During the last academic year, I was acting president of Najah National University, the largest of the three universities in the West Bank. From experience, I can say that it is impossible to run a Palestinian university under Israeli occupation. Israel's policies in the occupied territories, especially with regard to schools and universities, have become exceedingly oppressive. Generally, life in the West Bank has become almost unbearable, particularly for the students who are constantly subjected to harassment, including arbitrary search and arrest, imprisonment, beating, and sometimes even severe physical abuse.
At the university, I spent much of my time trying to avoid restrictions imposed by the Israeli occupation authorities. We rejected many of these restrictions because they would make the educational process quite meaningless.
For example, they required the universities to submit the names of all students and faculty before school opened, and gave the military authorities the right to exclude students and faculty members whom they deemed undesirable. They prohibited Arabs from Jerusalem, Gaza, and Israel to affiliate with the universities as students or as faculty. Students and faculty who did not carry West Bank identification cards were considered foreign and had to obtain special permission from the Israeli authorities who often did not grant them.
Regulation 854 required these individuals to sign statements that they did not support the PLO. Recently, 12 faculty members at Najah refused to sign the statements, and they were deported to Jordan. (Now Israel reportedly has lifted this specific requirement.)
Most of Najah's so-called foreign students and faculty were actually Palestinian Arabs whose families lived in the West Bank. They were West Bankers without IDs simply because they were not in the area in 1967, and the Israelis refused to recognize them as residents. Some of the individuals in this foreign category were Israeli Arabs. They had come to the West Bank to study or to teach because they had difficulties finding jobs or attending universities in Israel. Last year three of the deans at Najah were Israeli Arabs. In fact, no less than one-third of Najah's faculty were in this category of foreigners.
I was refused a work permit. When my three-month visa expired, I had to leave the West Bank and come back to get another visa. I did this three times in one year. I was determined to keep a low profile and not make an issue of my particular situation. I remembered that three years earlier, when I taught at Birzeit University, I made an issue of a similar problem and was beaten by Israeli soldiers, along with another American, right in front of the military governor's office. The experience taught me that Arab Americans in the West Bank had very little protection. This is why at Najah I tried to work quietly, thinking that my work was essential to the welfare of the university and the people of the West Bank. I kept out of politics as much as possible.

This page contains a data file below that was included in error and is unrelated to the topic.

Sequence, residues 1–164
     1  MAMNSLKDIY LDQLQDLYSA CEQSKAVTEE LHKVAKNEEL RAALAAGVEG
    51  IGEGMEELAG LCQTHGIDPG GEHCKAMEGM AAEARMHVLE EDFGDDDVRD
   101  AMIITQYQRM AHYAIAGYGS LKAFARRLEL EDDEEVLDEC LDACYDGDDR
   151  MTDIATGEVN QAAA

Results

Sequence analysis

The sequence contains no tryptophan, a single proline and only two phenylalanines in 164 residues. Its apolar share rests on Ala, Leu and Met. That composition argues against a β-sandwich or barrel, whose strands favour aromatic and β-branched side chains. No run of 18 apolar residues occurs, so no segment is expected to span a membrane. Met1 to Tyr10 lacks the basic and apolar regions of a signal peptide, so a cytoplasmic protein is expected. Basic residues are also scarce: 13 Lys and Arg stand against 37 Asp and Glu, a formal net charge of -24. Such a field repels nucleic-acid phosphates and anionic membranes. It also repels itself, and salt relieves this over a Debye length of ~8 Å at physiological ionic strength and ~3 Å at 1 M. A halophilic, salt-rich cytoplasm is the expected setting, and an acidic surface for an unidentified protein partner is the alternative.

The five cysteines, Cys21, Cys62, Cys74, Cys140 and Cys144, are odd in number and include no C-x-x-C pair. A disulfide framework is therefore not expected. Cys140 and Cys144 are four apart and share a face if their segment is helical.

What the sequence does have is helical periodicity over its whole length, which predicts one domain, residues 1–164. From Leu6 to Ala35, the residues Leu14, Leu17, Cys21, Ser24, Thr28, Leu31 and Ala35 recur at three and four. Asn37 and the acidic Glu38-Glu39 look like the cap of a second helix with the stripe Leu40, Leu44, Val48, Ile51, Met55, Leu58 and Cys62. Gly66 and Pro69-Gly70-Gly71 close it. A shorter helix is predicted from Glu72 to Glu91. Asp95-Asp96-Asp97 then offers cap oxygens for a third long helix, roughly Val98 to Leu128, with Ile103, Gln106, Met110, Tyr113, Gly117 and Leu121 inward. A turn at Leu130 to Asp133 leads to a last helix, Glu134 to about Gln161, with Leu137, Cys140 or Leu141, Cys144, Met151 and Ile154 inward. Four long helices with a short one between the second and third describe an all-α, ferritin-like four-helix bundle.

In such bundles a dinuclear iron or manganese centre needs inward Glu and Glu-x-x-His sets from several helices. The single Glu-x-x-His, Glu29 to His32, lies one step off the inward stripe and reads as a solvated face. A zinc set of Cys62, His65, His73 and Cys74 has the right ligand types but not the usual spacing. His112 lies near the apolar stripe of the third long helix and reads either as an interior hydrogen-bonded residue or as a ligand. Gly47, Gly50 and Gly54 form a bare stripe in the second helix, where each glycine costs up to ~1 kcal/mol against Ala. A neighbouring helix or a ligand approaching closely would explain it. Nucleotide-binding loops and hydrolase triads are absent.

I can attest to the numerous hardships and illegal restrictions imposed or perpetrated by the Israeli authorities. We could purchase no book that was not approved by them. Many periodicals, essential to our library, and many books we needed in courses were denied to us. Even books written by Jews, like Maxime Rodinson, were censored because they were critical of Israel.
In addition, we had to pay taxes on books, building material, and lab equipment. Under international law these taxes were illegal because pre-occupation law (Jordanian) exempted schools from the payment of taxes. Worse yet, Najah's development program was in serious jeopardy because the authorities would not allow us to build an engineering college and prevented us from building on a new campus site which we had purchased earlier.
However, the most pressing problem was a human one. Perhaps over one-third of our student body had been in Israeli jails, which students jokingly referred to as ''The Hilton.'' Some of these students were routinely beaten and had difficulty finishing a semester's work. At the end of the first semester, Israelis prevented students from coming to the university. One faculty member had to give five finals to the same class because only a few students could manage to show up each time.
But the worst that I witnessed occurred in June, after the Lebanese invasion. Scores of Israeli soldiers attacked the university using real bullets. They had come to disperse a student demonstration protesting the invasion. Eight students were injured.
I see no relief for the people of the West Bank until the Israelis are persuaded to get out. As long as they think the area belongs to them, they will not hesitate to make life unbearable for its Arab inhabitants. However, it might be helpful if the United States and other nations strongly protested Israeli policies and actions that are either illegal or cruel. Silence can never prevent human tragedies.